Believe it or not, there are at least 40 dog breeds known to be extinct. These breeds were either deliberately mated out, wiped out by predators, or ignored by breeders. We're posting 12 of these dog breeds who, sadly, we can no longer play with, cuddle with, or post funny videos of.
1. English Water Spaniel
The last English Water Spaniel was seen in the 1930s. Somewhat similar to a Collie, this cutie was used to hunt waterfowl and was known for its ability to dive and duck. It had curly fur, typically in a white and tan pattern. It is described as similar to a Collie, or a cross between a Poodle and a Springer Spaniel with curly fur, typically in a white and tan pattern.
Originating in medieval times, the Chien-Gris was a scent hound and formed part of the royal packs of France, which were composed exclusively of hounds of this type.
Known for being especially vicious, Molossus dogs haven't been around since the ancient Romans... We lucked out!
4. Alpine Mastiff
The Alpine Mastiff was of the Molosser breed (see #3). It contributed to the breeding of the modern day St. Bernard and Mastiff.
Introduced to New Zealand by the Maori people of Polynesia, Kuri dogs were food to the Maori, as well as a source of clothing, belts, and weapon decoration- all made from their skin and fur. The poor things became extinct in New Zealand after the arrival of European settlers.
6. Cordoba Fighting Dog
This Mastiff, Bull Terrier, and Bulldog mix was bred to be ruthless and powerful. Used for pit fighting in Argentina, their vicious temperament eventually got the better of them: When it was time to mate, males and females would try to kill each other which, needless to say, made mating difficult and extinction imminent.
7. Hare Indian Dog
Known for its speed, the Hare Indian Dog was originally bred in northern Canada by the Hare Indians for game hunting. While it had many characteristics of the coyote, its domesticated temperament was reminiscent of house breeds. As Indian hunting methods declined, the Indian Hare went extinct through interbreeding.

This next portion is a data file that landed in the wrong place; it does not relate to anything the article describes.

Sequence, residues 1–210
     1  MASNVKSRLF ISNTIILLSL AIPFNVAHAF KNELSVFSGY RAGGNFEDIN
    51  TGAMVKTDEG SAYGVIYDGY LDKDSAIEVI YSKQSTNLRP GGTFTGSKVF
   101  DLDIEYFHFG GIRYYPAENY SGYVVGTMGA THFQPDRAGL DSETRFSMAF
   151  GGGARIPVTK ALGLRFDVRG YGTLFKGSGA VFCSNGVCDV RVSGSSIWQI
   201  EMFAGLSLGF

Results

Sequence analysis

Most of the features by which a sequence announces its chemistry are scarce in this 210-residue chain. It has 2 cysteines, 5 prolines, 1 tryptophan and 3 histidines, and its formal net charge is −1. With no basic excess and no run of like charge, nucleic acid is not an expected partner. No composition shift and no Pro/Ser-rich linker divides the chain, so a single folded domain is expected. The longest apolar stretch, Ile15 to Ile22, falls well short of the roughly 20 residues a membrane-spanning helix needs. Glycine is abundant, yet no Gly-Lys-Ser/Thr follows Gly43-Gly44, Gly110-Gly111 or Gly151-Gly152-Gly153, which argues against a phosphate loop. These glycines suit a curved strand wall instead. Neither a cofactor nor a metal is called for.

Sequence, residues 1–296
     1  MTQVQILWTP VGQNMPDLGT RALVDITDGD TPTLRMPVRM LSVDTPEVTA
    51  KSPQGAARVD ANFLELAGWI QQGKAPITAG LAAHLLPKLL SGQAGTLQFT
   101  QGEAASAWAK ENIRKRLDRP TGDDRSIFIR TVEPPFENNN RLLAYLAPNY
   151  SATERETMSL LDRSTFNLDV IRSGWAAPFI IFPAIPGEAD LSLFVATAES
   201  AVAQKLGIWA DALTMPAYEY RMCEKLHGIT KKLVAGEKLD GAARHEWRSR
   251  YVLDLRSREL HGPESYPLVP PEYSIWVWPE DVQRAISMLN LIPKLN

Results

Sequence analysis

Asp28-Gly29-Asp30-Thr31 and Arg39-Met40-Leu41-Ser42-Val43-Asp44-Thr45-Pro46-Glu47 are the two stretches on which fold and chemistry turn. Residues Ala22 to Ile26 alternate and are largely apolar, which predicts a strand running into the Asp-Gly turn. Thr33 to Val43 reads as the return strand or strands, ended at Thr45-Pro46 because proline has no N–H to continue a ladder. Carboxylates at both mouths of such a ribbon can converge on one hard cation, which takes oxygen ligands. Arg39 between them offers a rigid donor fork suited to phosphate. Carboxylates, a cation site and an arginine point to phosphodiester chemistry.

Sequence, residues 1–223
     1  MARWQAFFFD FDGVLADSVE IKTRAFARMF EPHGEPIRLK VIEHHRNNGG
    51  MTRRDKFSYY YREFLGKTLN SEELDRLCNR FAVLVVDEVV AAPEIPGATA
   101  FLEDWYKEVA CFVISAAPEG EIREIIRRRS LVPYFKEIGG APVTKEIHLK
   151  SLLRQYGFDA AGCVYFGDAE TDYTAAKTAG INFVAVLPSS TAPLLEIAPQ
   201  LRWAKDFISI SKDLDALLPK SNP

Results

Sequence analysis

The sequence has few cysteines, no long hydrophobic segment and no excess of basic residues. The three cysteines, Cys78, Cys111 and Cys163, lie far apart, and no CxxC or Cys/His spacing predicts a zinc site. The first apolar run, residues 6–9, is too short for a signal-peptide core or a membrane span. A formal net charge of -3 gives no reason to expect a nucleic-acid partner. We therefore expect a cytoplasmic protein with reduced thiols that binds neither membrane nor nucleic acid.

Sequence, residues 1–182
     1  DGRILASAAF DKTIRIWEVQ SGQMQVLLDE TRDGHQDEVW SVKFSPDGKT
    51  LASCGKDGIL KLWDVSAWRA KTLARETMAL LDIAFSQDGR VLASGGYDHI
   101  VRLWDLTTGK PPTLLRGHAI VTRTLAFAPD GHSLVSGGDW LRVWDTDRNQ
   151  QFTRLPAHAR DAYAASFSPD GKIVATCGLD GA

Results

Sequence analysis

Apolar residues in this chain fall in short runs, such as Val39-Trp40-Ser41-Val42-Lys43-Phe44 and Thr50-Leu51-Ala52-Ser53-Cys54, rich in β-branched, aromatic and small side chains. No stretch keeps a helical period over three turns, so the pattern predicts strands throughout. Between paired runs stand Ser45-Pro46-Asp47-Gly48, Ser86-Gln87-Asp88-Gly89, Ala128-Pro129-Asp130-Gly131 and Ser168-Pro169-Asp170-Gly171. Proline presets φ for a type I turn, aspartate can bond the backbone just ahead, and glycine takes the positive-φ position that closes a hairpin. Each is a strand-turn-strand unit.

8. Moscow Water Dog
A little-known breed derived from the Newfoundland shepherd, the Moscow Water Dog was produced only by the Red Star Kennels in Russia, the state-operated organizations chartered to provide working dogs for the armed services. After World War II, there were very few working dogs in the Soviet Union as many had been killed during the war. Some were imported but there were not enough to establish a dedicated breeding program for a specific breed.
A tracking dog, the Talbot was so loved in the Middle Ages that many families had its image on their crests. The hound was slow but loyal, and had a great sense of smell. It was often used in battle and for law enforcement purposes. The Talbot went extinct around the 16th century, but its posterity thrives in the form of the beagle.
The Bullenbeisser was a no-nonsense German bulldog. It was eventually bred into nonexistence in order to create the Boxer.
11. Braque Du Puy
The Braque Du Puy was a French domestic hunting dog, first bred in the 19th century. It was white with orange or liver coloured marks, and was medium to large in size. Although many similar breeds can be found today, this pooch can no longer be found in its original form.
12. Russian Tracker
Weighing 100 lbs on average, these big boys were bred in Russia and used by farmers in the Caucasus Mountains to guard livestock. In the 1800s, a man named Sir Dudley Marjoribanks watched these pooches perform in an English circus. He was so delighted by them that he bought the entire pack. He eventually created the Golden Retriever out of the Russian Tracker.